FIRST TEAM OFFENSE
Quarterback: Peyton Manning, Indianapolis
Running Backs: Adrian Peterson, Minnesota; Michael Turner, Atlanta
Fullback: Le’Ron McClain, Baltimore
Tight End: Tony Gonzalez, Kansas City
Wide Receivers: Andre Johnson, Houston; Larry Fitzgerald, Arizona
Tackles: Jordan Gross, Carolina; Michael Roos, Tennessee
Guards: Steve Hutchinson, Minnesota; Chris Snee, NY Giants
Center: Kevin Mawae, Tennessee
Placekicker: Stephen Gostkowski, New England
Kick Returner: Leon Washington, NY Jets
FIRST TEAM DEFENSE
Ends: Justin Tuck, NY Giants; Jared Allen, Minnesota
Tackles: Albert Haynesworth, Tennessee; Kevin Williams, Minnesota
Outside Linebackers: DeMarcus Ware, Dallas; James Harrison, Pittsburgh
Safeties: Ed Reed, Baltimore; Troy Polamalu, Pittsburgh
Punter: Shane Lechler, Oakland
While such standbys as three-time NFL Most Valuable Player Peyton Manning and six-time All-Pro Ray Lewis made the squad, there was plenty of room for newcomers. Ten of the 14 offensive players and five of the 13 on defense had never been All-Pros.
And there was room for one unanimous selection by a nationwide panel of 50 sportswriters and broadcasters who cover the NFL: safety Ed Reed, Lewis’ teammate in Baltimore.
“He has a tremendous feel for the game,” Ravens coach John Harbaugh said of Reed, who made his third All-Pro squad. “Very, very intelligent player, studies it as well or better than anybody. And he’s a highly disciplined player. He plays his position as well as anybody I’ve ever seen.”
Reed certainly did that this year with nine interceptions, and he had two, including one returned for a touchdown, in a wild-card playoff win over Miami last weekend.
Reed was joined in the secondary by Pittsburgh safety Troy Polamalu, making his second All-Pro squad, and two of the newcomers: cornerbacks Cortland Finnegan of Tennessee and Nnamdi Asomugha of Oakland.
“Wow. I don’t know if you can put that into words,” said Finnegan, a seventh-round draft pick in 2006. “That’s a goal guys want to obtain in their years of playing football. That’s the best of the best. That’s humbling to ever think you could be voted on for that. I didn’t look at that as a goal this year.”
Asomugha becomes a free agent after the season and will be able to write All-Pro on his résumé.
“The timing is good,” he said. “I think it’s always good to have certain things in your back pocket as far as leverage and negotiating. It was my fourth year the first time I made All-Pro.”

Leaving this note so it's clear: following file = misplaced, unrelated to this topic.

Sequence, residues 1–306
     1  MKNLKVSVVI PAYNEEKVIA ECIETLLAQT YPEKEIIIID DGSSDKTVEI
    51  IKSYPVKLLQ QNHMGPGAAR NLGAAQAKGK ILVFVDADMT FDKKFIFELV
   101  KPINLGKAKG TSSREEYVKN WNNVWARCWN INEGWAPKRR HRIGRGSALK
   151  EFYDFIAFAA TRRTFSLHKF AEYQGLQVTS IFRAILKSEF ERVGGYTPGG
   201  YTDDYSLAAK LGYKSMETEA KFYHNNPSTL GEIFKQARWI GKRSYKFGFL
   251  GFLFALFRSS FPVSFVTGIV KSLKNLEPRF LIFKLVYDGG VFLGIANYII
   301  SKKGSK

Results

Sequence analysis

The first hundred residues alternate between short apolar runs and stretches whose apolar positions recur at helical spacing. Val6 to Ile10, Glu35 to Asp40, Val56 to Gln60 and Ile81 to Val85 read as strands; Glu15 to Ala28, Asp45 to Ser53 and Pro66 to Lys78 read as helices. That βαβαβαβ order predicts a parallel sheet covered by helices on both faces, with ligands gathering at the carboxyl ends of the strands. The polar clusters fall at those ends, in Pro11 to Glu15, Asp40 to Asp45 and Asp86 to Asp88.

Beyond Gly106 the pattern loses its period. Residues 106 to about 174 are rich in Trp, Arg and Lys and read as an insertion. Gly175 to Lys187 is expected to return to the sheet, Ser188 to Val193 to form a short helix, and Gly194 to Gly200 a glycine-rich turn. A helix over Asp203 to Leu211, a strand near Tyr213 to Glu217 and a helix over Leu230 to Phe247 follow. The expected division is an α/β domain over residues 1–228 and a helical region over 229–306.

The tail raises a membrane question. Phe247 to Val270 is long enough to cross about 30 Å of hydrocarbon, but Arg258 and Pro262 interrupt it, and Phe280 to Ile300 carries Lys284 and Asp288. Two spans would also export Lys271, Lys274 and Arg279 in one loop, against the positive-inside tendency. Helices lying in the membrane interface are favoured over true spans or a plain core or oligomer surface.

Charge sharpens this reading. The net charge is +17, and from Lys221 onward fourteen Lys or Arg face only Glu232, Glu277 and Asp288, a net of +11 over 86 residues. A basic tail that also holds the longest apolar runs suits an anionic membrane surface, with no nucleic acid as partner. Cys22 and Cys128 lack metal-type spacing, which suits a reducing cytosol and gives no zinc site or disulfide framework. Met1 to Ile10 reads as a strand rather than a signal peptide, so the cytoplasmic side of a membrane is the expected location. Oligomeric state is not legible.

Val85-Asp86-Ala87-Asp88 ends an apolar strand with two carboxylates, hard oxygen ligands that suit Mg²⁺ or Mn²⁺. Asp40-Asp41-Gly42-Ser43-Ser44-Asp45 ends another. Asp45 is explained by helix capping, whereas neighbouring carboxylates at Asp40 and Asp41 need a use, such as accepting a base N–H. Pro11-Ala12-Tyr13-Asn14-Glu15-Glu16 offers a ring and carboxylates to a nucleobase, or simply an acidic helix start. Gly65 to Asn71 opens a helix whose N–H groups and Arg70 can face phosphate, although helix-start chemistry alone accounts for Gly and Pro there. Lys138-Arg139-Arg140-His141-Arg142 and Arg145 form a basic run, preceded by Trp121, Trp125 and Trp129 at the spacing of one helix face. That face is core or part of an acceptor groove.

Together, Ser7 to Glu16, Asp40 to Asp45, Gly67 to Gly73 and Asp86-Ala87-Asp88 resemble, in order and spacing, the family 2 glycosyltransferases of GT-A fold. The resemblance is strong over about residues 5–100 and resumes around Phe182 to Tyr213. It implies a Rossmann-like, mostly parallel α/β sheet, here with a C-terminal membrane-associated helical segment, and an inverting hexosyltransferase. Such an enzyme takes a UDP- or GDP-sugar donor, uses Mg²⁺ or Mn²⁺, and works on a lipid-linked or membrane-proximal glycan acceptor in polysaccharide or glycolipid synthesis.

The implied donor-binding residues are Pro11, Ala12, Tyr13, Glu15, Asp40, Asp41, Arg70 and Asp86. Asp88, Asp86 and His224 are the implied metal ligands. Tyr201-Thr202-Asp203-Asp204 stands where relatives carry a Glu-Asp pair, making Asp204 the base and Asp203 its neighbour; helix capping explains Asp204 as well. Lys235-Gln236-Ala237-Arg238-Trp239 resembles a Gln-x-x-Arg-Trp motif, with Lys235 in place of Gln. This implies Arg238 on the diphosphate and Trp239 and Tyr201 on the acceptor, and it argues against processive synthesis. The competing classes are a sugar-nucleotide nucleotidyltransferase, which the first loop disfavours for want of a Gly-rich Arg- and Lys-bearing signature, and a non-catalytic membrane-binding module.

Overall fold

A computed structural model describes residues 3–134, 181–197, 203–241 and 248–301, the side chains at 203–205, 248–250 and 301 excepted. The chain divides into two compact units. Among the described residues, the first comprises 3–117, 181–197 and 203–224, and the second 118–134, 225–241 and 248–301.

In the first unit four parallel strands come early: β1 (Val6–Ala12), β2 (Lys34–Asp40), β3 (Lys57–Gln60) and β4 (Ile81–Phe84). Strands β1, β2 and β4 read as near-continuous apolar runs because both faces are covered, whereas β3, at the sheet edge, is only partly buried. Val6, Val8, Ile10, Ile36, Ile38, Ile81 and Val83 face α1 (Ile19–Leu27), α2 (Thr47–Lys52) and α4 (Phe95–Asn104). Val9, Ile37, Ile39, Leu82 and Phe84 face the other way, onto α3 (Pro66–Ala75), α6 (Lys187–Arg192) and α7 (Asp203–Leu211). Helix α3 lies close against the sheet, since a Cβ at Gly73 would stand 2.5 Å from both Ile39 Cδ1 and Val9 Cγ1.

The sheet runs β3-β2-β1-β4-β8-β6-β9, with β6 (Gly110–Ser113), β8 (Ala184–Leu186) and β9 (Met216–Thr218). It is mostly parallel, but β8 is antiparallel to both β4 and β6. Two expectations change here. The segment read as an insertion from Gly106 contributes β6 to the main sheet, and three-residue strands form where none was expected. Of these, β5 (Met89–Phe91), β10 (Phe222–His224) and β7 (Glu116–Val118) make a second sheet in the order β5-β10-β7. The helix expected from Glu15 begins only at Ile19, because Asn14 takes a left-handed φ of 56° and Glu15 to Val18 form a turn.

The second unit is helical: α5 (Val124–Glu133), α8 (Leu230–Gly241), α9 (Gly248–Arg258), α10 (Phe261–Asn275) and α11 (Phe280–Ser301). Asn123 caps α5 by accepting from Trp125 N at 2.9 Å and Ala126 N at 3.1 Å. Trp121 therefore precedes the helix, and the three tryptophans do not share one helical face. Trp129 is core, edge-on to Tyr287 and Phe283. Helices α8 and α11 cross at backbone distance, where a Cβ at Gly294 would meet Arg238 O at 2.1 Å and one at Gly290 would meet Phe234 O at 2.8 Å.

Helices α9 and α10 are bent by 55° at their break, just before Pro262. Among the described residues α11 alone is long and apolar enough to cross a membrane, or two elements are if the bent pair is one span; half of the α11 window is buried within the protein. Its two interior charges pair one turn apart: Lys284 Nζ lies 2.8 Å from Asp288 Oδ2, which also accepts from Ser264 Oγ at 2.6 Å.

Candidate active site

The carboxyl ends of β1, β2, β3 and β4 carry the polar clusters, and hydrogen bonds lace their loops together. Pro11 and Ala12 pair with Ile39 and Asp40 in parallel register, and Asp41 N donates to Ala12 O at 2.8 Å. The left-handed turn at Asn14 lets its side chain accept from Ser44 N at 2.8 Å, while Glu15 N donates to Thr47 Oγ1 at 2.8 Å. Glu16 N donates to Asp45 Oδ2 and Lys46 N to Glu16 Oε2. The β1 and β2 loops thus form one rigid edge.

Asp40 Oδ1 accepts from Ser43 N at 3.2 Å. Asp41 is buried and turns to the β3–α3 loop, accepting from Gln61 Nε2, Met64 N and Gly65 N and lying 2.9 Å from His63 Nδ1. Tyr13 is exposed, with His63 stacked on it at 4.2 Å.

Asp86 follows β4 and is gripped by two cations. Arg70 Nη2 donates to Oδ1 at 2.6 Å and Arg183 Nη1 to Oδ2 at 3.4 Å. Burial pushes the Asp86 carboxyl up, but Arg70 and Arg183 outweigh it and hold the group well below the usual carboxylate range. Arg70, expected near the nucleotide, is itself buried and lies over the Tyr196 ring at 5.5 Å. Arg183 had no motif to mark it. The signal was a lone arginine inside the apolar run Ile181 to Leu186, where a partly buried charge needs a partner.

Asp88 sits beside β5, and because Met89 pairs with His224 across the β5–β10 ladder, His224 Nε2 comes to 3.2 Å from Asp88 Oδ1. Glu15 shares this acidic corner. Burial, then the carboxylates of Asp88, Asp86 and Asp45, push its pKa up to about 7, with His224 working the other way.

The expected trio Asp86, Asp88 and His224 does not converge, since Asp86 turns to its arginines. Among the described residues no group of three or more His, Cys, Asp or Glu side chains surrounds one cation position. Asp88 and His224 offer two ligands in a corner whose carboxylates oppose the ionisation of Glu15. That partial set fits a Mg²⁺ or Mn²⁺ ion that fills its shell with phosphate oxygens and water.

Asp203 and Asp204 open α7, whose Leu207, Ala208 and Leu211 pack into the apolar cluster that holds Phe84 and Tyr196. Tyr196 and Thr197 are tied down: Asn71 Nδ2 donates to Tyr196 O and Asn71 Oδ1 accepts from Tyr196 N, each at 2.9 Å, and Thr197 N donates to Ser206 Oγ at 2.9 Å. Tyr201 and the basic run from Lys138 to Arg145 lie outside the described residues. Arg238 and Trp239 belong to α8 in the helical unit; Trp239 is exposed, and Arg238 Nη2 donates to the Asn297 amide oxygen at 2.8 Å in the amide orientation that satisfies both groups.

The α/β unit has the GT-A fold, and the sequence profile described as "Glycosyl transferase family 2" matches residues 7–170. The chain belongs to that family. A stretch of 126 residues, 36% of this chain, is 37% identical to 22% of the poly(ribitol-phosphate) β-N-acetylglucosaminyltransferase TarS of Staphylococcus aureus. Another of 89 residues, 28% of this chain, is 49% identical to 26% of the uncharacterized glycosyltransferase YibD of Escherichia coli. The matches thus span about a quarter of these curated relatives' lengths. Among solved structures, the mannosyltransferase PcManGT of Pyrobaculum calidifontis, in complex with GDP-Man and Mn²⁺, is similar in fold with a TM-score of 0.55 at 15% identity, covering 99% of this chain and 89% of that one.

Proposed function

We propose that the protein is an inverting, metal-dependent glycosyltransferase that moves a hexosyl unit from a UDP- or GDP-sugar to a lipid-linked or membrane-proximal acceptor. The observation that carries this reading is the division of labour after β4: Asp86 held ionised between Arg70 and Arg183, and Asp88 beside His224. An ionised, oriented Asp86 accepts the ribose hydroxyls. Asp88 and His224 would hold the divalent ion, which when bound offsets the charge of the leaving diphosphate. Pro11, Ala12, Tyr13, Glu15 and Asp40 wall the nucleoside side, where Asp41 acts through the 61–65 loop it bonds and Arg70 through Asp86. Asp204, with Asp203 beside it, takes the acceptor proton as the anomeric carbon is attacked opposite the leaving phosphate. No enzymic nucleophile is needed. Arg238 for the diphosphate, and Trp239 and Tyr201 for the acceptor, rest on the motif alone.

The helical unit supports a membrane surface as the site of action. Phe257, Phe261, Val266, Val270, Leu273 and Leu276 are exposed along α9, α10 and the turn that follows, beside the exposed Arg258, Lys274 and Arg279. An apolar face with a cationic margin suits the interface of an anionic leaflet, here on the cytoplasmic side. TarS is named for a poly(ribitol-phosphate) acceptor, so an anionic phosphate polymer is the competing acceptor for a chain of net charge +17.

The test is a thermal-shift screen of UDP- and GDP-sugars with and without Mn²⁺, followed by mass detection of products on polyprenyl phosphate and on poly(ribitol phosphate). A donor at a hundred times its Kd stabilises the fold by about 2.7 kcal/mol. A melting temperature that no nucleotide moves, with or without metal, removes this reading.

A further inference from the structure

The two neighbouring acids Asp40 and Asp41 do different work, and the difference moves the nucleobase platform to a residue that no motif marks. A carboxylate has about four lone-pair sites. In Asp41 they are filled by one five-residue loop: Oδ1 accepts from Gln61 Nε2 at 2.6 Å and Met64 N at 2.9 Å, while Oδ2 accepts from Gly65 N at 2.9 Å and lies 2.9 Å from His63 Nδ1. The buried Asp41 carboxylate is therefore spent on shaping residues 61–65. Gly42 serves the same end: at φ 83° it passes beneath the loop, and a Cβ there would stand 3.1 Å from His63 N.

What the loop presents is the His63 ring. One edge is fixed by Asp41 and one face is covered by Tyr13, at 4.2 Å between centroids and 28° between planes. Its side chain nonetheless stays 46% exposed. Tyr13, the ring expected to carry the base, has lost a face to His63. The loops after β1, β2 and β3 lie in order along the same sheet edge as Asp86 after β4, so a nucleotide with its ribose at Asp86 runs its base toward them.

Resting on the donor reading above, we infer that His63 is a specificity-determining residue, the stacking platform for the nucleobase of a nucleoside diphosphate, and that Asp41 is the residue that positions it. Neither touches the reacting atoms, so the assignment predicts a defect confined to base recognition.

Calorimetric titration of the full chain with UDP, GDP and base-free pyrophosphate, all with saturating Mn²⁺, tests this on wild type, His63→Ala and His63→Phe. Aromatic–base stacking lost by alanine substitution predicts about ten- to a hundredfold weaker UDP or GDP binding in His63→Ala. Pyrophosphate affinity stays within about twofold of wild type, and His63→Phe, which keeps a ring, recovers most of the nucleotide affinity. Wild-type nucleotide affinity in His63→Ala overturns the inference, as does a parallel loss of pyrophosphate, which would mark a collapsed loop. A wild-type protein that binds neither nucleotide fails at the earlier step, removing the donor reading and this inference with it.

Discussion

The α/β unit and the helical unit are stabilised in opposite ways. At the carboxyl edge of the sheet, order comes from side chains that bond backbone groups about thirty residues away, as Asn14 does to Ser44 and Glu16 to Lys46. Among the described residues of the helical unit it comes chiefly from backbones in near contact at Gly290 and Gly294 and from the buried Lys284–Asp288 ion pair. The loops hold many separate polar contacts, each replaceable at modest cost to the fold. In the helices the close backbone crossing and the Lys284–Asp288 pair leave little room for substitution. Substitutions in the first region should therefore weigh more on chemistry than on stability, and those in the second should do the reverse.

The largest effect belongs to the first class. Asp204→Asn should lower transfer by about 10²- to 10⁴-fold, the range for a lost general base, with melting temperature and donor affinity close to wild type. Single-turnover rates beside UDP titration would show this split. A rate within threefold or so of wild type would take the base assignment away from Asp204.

Other first-timers on defense were Pittsburgh outside linebacker James Harrison, the AP Defensive Player of the Year; end Justin Tuck of the New York Giants; and inside linebacker Jon Beason of Carolina.
“To get the whole swath in one year, that’s great,” Harrison said.
The slew of new All-Pros on offense included running backs Michael Turner of Atlanta and Adrian Peterson of Minnesota; fullback Le’Ron McClain of Baltimore; wideouts Larry Fitzgerald of Arizona and Andre Johnson of Houston; tackles Michael Roos of Tennessee and Jordan Gross of Carolina; guard Chris Snee of the Giants; placekicker Stephen Gostkowski of New England; and kick returner Leon Washington of the New York Jets.
“When you think about the Pro Bowl, it’s the coaches, players and fans voting and recognizing you to represent your conference,” said Washington, who averaged 25.6 yards per kickoff runback, with one touchdown, and 10.4 on punt returns. “But with the AP All-Pro team you’re representing the whole league, that’s a pretty sweet deal.”
Also getting a sweet deal were six repeaters from last year’s team: Reed, Dallas linebacker DeMarcus Ware; defensive tackles Albert Haynesworth of Tennessee and Kevin Williams of Minnesota; defensive end Jared Allen of Minnesota, who was with the Chiefs in 2007; and Vikings guard Steve Hutchinson.
Manning made it for the fourth time, one behind John Unitas, who was the first-team All-Pro quarterback for the Baltimore Colts in 1958, ’59, ’64, ’65 and ’67. Manning also made it in 2003-05.
Kansas City tight end Tony Gonzalez made his fifth All-Pro team. Gonzalez ended his 12th season owning the triple crown of NFL career tight end records: receptions (916), yards receiving (10,940) and TDs (76).
“I wanted to show everybody that I could still play at a high level, that I could still be a leader,” said Gonzalez, who certainly did that with 96 catches for 1,058 yards and 10 TDs for a 2-14 team.
Titans center Kevin Mawae was chosen for the third time. Punter Shane Lechler of Oakland made his fourth team.
“It’s a very big honor because it combines both AFC and NFC,” said Snee, one of the anchors on the NFL’s most impressive offensive lines. “There is so much talent at every position, but speaking of guards there is a lot of talent out there. I’m honored.”
In all, 16 AFC players and 11 from the NFC were honored this season. The Titans and Vikings led with four players each and Baltimore had three.